Posted by: Debbie Abrams Kaplan | February 1, 2010

Living in an Old House

Moving into a new house (or rather an old house – built in 1935) required us to learn a lot. Especially since we  weren’t here for the home inspection (we relied on a heating/cooling system evaluation from a heating maintenance company.

Here, companies want you to pay for a plan – with a contract and monthly paymnet, they inspect your heating and cooling systems seasonally, and then give you faster service and discounts on recommended repairs.

We haven’t yet decided whether to go that route (versus paying a la carte – we welcome your opinion) – but we did learn a lot from that walk-through.

We have a boiler. Which looks like an ancient rusted metal contraption hooked up to a bunch of pipes.

This ancient-looking device is actually less than 15 years old. It used to be connected to an oil tank (you dread seeing those on home tours because you know it’s expensive to get rid of, and an environmental hazard).

Our oil tank had been removed (we got that paperwork at closing). Now, there’s a gas line going into the boiler, which our heating guy says is inefficient and expensive (he recommended a new $10,000 system). It shoots gas into the metal box, which then burns the gas and boils the water in there. The water then travels through the house pipes, into the radiators in each room.

The radiators, for their part, make wheezing sounds, like they have asthma. This took some time to get used to – now we view them as friends in the room. Most of the radiators are covered with pretty, painted metal mesh panels. When covered, they look nothing like the radiators we had in our old San Francisco flat.

Once a week, I’m supposed to turn off the heat for at least 30 minutes, so I can drain the boiler of rusty water and refill it without cracking it (putting cold water into a hot boiler apparently isn’t a wise move). There’s an ancient looking pipe/hose connected to the boiler base, leading into the sump pump area. I turn on that hose and watch rusty water from our boiler go in.

Then I refill that water using an ancient looking handle, conviently labled with a “fill water here” tag.

Once a month, I drain the other house pipes. You see water and metal don’t mix so well. So the water sitting in the pipes rusts the pipes and then you hear clanking sounds as the rusty water circulates. So you fill bucket after bucket of rusty water once a month, dumping it into the sump pump. It’s a very strange ritual, especially since I have to cram myself uncomfortably into the corner between the pipe, the wall and the boiler.

The contraption keeps us warm (at least in the basement and first floor). Physics taught me that heat rises. Apparently not in New Jersey or old houses with radiators though. Here, unless you blast the heat, the heat mostly stays in the basement and first floor, with a trickle going upstairs. Don’t worry – our guest room is in the basement.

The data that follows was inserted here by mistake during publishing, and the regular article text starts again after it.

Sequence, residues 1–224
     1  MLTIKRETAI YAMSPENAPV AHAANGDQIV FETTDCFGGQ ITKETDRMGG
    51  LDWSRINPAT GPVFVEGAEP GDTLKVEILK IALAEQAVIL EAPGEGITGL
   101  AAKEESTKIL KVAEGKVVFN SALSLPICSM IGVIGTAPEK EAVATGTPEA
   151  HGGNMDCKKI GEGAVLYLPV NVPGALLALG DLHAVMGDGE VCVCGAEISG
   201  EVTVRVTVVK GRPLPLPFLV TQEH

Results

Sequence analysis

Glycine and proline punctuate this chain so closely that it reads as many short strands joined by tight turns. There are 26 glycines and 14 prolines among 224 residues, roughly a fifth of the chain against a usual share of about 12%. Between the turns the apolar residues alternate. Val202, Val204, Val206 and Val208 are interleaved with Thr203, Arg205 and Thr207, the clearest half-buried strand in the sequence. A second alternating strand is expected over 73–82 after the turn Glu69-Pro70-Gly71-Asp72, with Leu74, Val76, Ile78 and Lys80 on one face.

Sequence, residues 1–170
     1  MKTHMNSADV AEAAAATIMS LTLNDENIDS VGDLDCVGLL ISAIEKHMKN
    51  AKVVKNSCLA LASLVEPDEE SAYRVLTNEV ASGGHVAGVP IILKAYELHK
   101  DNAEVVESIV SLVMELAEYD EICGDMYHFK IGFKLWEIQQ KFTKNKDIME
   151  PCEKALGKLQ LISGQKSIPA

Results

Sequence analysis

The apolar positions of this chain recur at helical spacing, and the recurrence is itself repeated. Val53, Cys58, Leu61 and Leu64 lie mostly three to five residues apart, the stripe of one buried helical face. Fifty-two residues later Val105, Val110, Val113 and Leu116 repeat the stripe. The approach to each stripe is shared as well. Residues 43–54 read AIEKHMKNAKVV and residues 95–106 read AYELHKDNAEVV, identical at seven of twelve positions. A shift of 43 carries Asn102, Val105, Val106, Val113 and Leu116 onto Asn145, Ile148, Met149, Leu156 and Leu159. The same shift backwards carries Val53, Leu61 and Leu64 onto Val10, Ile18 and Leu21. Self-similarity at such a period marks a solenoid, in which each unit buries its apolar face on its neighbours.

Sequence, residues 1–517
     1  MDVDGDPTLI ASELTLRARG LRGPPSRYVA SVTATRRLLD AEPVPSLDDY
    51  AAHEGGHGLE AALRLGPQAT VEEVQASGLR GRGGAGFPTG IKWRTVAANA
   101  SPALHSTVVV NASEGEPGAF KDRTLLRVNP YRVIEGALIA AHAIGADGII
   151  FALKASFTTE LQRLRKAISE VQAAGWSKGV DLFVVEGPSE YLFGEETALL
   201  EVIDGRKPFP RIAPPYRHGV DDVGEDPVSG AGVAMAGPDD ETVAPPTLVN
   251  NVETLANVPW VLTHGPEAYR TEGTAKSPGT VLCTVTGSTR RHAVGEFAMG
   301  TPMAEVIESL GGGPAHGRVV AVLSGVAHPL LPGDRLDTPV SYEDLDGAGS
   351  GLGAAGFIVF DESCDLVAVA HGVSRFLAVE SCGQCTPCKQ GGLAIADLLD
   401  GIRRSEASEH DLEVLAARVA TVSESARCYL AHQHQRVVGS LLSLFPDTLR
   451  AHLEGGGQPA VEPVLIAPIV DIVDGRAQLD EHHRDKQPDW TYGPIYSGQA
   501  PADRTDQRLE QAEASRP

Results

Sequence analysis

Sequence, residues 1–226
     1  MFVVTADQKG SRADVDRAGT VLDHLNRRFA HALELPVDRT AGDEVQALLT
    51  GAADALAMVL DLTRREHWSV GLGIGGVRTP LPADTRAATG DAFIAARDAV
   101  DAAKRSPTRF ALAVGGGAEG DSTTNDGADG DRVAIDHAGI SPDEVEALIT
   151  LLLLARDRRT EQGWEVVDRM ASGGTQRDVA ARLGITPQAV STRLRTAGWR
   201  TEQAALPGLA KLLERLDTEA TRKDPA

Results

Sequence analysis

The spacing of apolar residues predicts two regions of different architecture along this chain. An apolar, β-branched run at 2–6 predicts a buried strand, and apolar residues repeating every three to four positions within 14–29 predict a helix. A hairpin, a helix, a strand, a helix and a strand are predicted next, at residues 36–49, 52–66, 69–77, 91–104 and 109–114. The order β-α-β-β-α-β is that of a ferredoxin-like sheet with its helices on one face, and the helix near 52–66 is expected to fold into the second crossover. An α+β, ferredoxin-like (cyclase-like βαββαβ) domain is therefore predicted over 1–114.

We almost called the heating guy back (which would be another a la carte fee, I’m sure) to find out why our upstairs radiators weren’t working. Then we heard stories from others in similar houses. They said that the way the radiators are set up, the steam doesn’t make it up that far in quantity, unless the heat is on full blast.

One more thing – people here pronounce the first “a” in radiator more like gladiator rather than radon. It sounds funny to me.


Responses

  1. I say RAY-diator, if that makes you feel better, and I’m an East Coast native.

    We, too, have baseboard heating with a boiler (oil only; no gas on our street) and find the same thing to be true–the heat never makes it all the way upstairs. Or it makes it to certain rooms only, leaving the rest really cold. Case in point: the other night, when the rest of the house was at a cozy 68-70, our bedroom upstairs was registering at 60!

    Sounds like you have a very high maintenance system. Ours is nothing like that at all. The only things we have to do on schedule are get our oil delivered monthly and have the boiler cleaned annually (we’re due for a cleaning and yes, we have a contract with regular payments to cover stuff like that).

    Leah

  2. I think the boiler was the inspiration for WALL-E

  3. Have you bled the upstairs radiators? That usually helped a lot in the house I grew up in. The downstairs radiators were hotter but upstairs would be plenty warm too. (And yes, it’s ray-diator to me too. Strange folks in NJ.)

  4. I asked the boiler guy about bleeding the radiator and he said we didn’t need to. Hmmm…
    Glad to hear others say RAY diator. Do you say water or WOODer?
    As for the upstairs not getting very warm, we just take out our snuggies. JUST KIDDING.

  5. I grew up on the East Coast too, and I spent some time in Minneapolis. Radiators I swear by. Trying to get forced air systems to kick in when it’s 5 degrees outside is challenging. If your boiler is 15 years old or so, you’d be well advised to upgrade to a new one. It will save money and should pay back the cost in about 7-8 years. You’ll probably need a new boiler soon, anyway (they’re not designed to last much past 15 years), so picking when you want to do it is a pretty good idea. I might wait until June and then get the work done–the pricing will be better. Hope that helps.

  6. […] Our friends in the neighboring town, Cranford, got flooded basements and backed up sewers when the river went above flood stage.  Some of our neighbors had flooding issues in their basements. Fortunately our sump pump worked and the French drain did its job. Our house apparently had flooding/water issues years ago, but previous homeowners took care of it. And we’re very grateful. And we’re even more grateful that our power worked, since our sump pump doesn’t have battery backup. Yet. And we have new carpet and new furniture in the basement, plus our water heater and boiler system. […]


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